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Handshake still enjoys great support but growing cold



The handshake between President Uhuru Kenyatta and opposition leader Raila Odinga enjoys great national support, but not as much as it did in August, a new opinion poll indicates.

The promise and warmth has worn off in contrast to an August poll when it enjoyed 87 per cent backing.

A fresh poll conducted between November 29 and December 1, and financed by Integrated Development Network, an NGO, shows that 20 per cent of Kenyatta’s Central turf do not back the handshake.

Though Mt Kenya support had dropped, the March 9 deal enjoys 74 per cent support in Mt Kenya.

Countrywide, 78 per cent are still enthusiastic about the handshake that brought a truce in national politics, 17 have not warmed up to it while a paltry five per cent are undecided.

Rift Valley and Coast regions tie at 19 percent for those opposed to the handshake.

Nyanza, North Eastern and Nairobi top the list of the regions that support the handshake that ended the political tension in the country after the protracted 2017 presidential election that led to court disputes and boycotts.

The three regions polled 88, 86 and 78 percent respectively in their support.

“Eight out of every 10 Kenyans support the handshake between President Kenyatta and opposition leader Raila Odinga,” Angela Ambitho, the CEO of Infortrack, said yesterday.

Reason for the support of the handshake include bringing peace and unity (81%), cooling political temperatures (19%) and reducing tribalism (12%).

Ambitho said the reasons given by those not for the handshake is that it was not genuine, has weakened the oversight role of the opposition and that it will only benefit the two politicians.

At the same time, support for the Building Bridges Initiative chaired by Garissa senator Yusuf Haji is at 69 per cent, opposed by 17 per cent while 15 per cent are undecided.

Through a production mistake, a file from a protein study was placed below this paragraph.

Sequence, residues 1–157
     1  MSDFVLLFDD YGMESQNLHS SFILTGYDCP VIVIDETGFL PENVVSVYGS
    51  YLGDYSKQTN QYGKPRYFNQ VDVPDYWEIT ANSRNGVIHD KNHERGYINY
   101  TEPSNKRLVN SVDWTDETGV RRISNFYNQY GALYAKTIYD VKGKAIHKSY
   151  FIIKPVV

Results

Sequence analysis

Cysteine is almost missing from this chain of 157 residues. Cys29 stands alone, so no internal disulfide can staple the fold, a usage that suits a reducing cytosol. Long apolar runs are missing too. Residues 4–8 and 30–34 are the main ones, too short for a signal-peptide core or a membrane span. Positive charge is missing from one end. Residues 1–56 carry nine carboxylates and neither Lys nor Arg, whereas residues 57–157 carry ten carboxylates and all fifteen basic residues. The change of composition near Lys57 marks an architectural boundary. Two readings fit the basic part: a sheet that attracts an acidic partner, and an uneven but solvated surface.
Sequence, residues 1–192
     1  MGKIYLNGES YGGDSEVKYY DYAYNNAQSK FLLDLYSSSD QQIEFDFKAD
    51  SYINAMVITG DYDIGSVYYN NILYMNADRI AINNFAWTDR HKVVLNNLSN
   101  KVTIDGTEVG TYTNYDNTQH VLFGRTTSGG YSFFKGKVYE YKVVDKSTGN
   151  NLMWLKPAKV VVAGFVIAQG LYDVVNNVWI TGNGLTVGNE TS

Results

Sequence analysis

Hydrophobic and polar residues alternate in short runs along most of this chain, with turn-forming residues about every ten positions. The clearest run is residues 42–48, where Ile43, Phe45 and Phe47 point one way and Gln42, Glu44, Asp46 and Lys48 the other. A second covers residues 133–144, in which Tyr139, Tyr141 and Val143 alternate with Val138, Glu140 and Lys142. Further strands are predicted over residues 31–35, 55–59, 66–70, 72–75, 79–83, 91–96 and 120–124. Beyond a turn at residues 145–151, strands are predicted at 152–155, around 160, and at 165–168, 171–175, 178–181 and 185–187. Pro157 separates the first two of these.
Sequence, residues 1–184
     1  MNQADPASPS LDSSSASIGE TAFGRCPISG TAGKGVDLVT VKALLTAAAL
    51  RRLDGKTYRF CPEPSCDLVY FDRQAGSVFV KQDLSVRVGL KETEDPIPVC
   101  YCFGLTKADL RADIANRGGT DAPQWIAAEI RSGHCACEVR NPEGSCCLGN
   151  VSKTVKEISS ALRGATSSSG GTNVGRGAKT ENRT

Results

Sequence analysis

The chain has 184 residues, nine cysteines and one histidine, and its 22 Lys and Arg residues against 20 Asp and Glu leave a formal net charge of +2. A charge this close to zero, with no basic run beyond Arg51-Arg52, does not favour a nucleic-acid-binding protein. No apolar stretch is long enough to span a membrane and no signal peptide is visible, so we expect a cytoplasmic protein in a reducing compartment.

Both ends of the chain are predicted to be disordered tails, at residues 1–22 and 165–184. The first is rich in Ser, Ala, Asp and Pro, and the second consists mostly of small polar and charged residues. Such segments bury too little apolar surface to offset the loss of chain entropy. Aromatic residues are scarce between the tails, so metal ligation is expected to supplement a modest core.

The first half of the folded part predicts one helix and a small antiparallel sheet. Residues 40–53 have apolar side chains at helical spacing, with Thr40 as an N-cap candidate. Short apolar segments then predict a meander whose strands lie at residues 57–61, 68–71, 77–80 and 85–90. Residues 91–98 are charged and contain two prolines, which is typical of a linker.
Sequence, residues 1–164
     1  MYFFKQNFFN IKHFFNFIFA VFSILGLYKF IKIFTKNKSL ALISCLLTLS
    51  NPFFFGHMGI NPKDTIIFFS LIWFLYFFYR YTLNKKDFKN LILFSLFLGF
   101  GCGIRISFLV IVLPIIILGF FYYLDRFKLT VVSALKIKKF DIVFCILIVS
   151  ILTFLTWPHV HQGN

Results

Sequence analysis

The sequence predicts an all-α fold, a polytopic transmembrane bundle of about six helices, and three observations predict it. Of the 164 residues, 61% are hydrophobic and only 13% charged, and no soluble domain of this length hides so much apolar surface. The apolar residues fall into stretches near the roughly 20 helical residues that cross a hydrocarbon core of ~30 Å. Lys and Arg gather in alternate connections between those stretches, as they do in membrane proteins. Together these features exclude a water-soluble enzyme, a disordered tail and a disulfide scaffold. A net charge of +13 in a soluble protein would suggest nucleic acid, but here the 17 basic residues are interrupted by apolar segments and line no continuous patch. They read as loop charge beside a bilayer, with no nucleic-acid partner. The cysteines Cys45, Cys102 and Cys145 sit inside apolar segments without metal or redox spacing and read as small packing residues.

Read: Gains and fears from handshake year after hotly contested polls

The initiative is popular in North Eastern (77%), followed by Nyanza (74%) and Central at position three with 70%.

The lowest support for the initiate, currently conducting public hearings on how best to resolve some of the challenges facing the country, are Eastern, Coast and Nairobi with a tie of 22 percent

“Seven out of every 10 Kenyans support the Building Bridges Initiative…the key reasons for supporting the initiative are that there is peace in the country (58%), it will bring political stability (31%) and that it promotes unity (28%),” say the report.

The main reasons for not supporting the initiative are that it is meant for selfish political gains (58%), it will bring no development (31%) and that it favours a few select people (19%) and divided political parties (5%).

On the much talked about referendum, the support for and against is almost equal at 45 per cent for and 44 per cent against. Twelve per cent are undecided.

The support for the constitutional change stands at Central (55%), Nyanza (52%) Nairobi (46%), Rift Valley (53%), Eastern (51%) and Western (47%).

The support is driven by the need to reduce the number of elected representatives so as to cut on public expenditure (50%), to fill gaps identified in the current constitution (29%) and equality and inclusivity (28%).

Those opposed to the idea say it is pointless to change the constitution now stand at (32%), it is expensive to conduct a referendum (30%) and it being pushed for the self-interest of the politicians (19%).

Also Read: Handshake reward: Uhuru, Raila honoured with ‘Black history peace Award’

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